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White Hot

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Album Review

In the 1970s, Angel epitomized the type of commercial rockers who were hated by rock journalists but adored by their fans. When White Hot came out in 1977, critics wondered why anyone would spend money on Angel's ultra-slick, formulaic pop-metal, hard rock and arena rock when the punk and new wave explosions were giving us such challenging, cutting-edge risk-takers as the Clash, Elvis Costello and the Talking Heads. Truth be told, rock can and should accommodate a variety of approaches — in 1977, there was room for those who challenged and provoked and those who, like Angel, simply entertained. White Hot, Angel's best selling album, isn't the least bit challenging, but then it isn't supposed to be. Angel was unapologetically commercial, and high-gloss numbers such as "Over and Over," "Stick Like Glue," and "Hold Me, Squeeze Me" point to the fact that the East Coast band was generally good at what it did. Also likable is Angel's cover of "Ain't Gonna Eat Out My Heart Anymore," which became a moderate hit. As far as pop-metal goes, Angel didn't quite have the hooks of Kiss, Sweet, or Cheap Trick; but while White Hot isn't fantastic, it's decent. If you want to hear one of the 1970s bands that helped pave the way for Bon Jovi, Winger, Warrant, and numerous other MTV-friendly hair bands that were huge in the 1980s, White Hot is worth a listen.

Customer Reviews

The one that Should've Been

This should've been Angels crowning moment. On their fourth release they attempted to go a little more mainstream and gain the attention of the radio listeners. Pop and disco ruled the airwaves and this style of music was not finding it's way to the masses. Unless you were an already established rock act it was becoming very difficult to get radio stations to "gamble" on you. They concentrated on playing the same 25 to 40 "safe" songs hourly. This album simply put is AWESOME. Don't Leave Me Lonely, Hold Me Squeeze Me, Got Love If You Want It and You Could Lose Me are guitar / keyboard rock masterpieces. Don't Leave Me Lonely will have you singing along and many days and nights it would be cranked in my car (on 8 track). That song should've been Angels biggie. Another rocker to raise the volume to was Over and Over that has Barry Brandt's pounding drums and cowbell intro and Punky Meadows driving guitar chords. The Winter Song was a minor hit and if you are lucky you can find their performance in the Dick Clark Show archieves playing this song. Overall, this album was "it" for me in my high school days. This was the album that summed up what I thought rock was all about. Great guitar riffs, entwined with futuristic sounding keyboards, excellent vocal harmonies, and great songs to sing to.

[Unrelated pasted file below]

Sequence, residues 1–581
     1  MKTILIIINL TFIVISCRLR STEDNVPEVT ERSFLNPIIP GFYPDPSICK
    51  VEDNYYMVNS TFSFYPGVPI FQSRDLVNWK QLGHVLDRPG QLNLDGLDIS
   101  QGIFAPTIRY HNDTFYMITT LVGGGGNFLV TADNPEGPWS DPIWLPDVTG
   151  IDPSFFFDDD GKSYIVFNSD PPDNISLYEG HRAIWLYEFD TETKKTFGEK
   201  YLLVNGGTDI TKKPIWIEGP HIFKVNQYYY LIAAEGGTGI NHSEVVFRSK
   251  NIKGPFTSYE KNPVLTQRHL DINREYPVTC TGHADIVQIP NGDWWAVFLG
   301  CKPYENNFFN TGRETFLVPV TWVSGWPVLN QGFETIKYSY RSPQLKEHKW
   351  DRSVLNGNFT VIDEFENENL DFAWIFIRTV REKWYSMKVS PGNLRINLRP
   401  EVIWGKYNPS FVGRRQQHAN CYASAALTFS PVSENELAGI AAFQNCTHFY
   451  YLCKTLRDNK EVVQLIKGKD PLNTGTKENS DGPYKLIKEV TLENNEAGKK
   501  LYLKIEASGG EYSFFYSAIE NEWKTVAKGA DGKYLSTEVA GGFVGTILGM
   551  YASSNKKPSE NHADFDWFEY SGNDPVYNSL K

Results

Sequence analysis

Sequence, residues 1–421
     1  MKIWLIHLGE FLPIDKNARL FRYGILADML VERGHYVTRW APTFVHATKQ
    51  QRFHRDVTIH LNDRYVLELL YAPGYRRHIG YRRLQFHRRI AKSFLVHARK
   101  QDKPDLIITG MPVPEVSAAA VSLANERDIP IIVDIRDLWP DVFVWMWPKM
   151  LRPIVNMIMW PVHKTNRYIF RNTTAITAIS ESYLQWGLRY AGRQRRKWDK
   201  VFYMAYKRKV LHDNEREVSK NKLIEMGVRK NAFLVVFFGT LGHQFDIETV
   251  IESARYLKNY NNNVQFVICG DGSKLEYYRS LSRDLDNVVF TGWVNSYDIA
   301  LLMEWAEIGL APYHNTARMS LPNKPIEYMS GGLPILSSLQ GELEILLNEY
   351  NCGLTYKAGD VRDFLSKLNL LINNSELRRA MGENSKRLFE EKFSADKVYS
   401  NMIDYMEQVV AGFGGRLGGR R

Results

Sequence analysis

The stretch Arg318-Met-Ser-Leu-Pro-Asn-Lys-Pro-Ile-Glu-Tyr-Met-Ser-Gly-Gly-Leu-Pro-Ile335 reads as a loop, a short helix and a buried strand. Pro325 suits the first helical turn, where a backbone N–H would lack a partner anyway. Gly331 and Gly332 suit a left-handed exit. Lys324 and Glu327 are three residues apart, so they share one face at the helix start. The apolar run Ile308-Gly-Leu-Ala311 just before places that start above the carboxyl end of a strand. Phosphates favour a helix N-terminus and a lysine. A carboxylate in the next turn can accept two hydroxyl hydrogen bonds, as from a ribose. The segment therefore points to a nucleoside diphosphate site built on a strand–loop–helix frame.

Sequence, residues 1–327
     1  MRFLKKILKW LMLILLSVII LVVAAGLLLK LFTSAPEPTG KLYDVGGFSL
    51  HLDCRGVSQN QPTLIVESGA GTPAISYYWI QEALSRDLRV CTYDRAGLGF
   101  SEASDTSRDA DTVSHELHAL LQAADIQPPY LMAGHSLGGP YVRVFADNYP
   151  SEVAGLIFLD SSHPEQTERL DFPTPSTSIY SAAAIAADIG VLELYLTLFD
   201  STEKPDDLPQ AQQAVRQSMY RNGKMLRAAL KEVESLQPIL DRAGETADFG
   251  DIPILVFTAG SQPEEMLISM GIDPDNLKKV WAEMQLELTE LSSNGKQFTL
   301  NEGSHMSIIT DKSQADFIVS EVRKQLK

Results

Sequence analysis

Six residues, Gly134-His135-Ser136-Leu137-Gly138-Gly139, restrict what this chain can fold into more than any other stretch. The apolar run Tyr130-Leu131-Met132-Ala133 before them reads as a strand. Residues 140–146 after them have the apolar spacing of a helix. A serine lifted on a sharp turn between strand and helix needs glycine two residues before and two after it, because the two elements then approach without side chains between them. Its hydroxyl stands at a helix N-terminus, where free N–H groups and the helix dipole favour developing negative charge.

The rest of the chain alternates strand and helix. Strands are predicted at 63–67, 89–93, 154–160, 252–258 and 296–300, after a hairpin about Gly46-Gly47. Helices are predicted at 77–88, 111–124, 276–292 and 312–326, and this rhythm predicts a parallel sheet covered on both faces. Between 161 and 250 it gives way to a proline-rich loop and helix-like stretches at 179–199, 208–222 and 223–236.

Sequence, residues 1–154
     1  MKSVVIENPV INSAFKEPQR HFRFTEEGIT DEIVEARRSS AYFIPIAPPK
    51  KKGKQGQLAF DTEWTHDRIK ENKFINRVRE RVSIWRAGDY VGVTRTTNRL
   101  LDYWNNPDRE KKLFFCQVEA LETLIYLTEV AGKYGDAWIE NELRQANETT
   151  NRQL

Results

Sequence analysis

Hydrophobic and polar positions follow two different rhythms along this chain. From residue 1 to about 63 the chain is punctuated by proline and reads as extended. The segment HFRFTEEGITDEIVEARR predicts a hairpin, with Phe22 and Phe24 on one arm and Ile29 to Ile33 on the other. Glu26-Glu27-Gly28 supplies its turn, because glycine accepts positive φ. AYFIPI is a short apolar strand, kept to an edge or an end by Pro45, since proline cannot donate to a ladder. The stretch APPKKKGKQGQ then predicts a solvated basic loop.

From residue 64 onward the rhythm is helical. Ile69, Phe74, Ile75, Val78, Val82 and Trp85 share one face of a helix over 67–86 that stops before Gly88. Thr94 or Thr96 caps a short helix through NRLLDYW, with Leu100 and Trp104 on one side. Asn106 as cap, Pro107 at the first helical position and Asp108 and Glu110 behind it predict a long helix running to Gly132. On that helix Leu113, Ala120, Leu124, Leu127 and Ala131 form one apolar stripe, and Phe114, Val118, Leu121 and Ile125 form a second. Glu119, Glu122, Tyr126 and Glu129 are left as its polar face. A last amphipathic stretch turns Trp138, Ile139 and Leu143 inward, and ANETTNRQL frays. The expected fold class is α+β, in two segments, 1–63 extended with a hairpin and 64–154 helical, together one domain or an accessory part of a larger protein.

Their Best

I have loved this album since Jr. high school. "The Winter Song" was a minor hit at the time. A very solid rock album. In response to the question, "Telephone Exchange" was on the "On Earth as it is in Heaven" album. Very rare and hard to find.Try Ebay, but be ready to fork out a few hundred.

Great Album

"winter Song " & "Flying with Broken Wings" are 2 excellent songs, as one of the prior reviews states , I listened to this religiously in Jr High school and was VERY happy to find it on here!! Do yourself a favor pick up at least 1 song , if not the whole album!!


Genre: Rock

Formed in Washington, D.C., Angel are perhaps more widely recalled for their outrageous image and stage shows than for their musical prowess. Their self-titled 1975 debut, recorded for the flamboyant Casablanca Records label with a lineup comprising Frank DiMino (vocals), Edwin Lionel "Punky" Meadows (guitar, ex-BUX), Gregg Giuffria (keyboards), Mickie Jones (bass, ex-BUX), and Barry Brandt (drums), was an excellent slab of heavy pomp-rock, with lengthy songs swathed in Giuffria's atmospheric keyboards...
Full Bio
White Hot, Angel
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Customer Ratings